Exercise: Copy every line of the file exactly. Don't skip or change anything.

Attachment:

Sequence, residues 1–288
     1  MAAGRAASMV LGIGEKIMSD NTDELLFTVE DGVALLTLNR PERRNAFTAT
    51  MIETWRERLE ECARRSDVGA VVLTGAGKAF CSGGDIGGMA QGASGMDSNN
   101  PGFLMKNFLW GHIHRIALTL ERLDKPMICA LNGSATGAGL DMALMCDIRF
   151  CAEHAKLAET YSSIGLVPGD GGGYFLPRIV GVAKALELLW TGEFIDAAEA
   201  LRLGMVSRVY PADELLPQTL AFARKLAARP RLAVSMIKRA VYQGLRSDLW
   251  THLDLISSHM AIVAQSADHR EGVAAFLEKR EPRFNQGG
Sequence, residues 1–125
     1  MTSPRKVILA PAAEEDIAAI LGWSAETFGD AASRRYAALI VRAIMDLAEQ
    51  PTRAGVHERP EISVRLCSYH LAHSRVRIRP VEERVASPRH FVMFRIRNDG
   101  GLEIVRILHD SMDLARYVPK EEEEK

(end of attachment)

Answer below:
Sequence, residues 1–288
     1  MAAGRAASMV LGIGEKIMSD NTDELLFTVE DGVALLTLNR PERRNAFTAT
    51  MIETWRERLE ECARRSDVGA VVLTGAGKAF CSGGDIGGMA QGASGMDSNN
   101  PGFLMKNFLW GHIHRIALTL ERLDKPMICA LNGSATGAGL DMALMCDIRF
   151  CAEHAKLAET YSSIGLVPGD GGGYFLPRIV GVAKALELLW TGEFIDAAEA
   201  LRLGMVSRVY PADELLPQTL AFARKLAARP RLAVSMIKRA VYQGLRSDLW
   251  THLDLISSHM AIVAQSADHR EGVAAFLEKR EPRFNQGG
Sequence, residues 1–125
     1  MTSPRKVILA PAAEEDIAAI LGWSAETFGD AASRRYAALI VRAIMDLAEQ
    51  PTRAGVHERP EISVRLCSYH LAHSRVRIRP VEERVASPRH FVMFRIRNDG
   101  GLEIVRILHD SMDLARYVPK EEEEK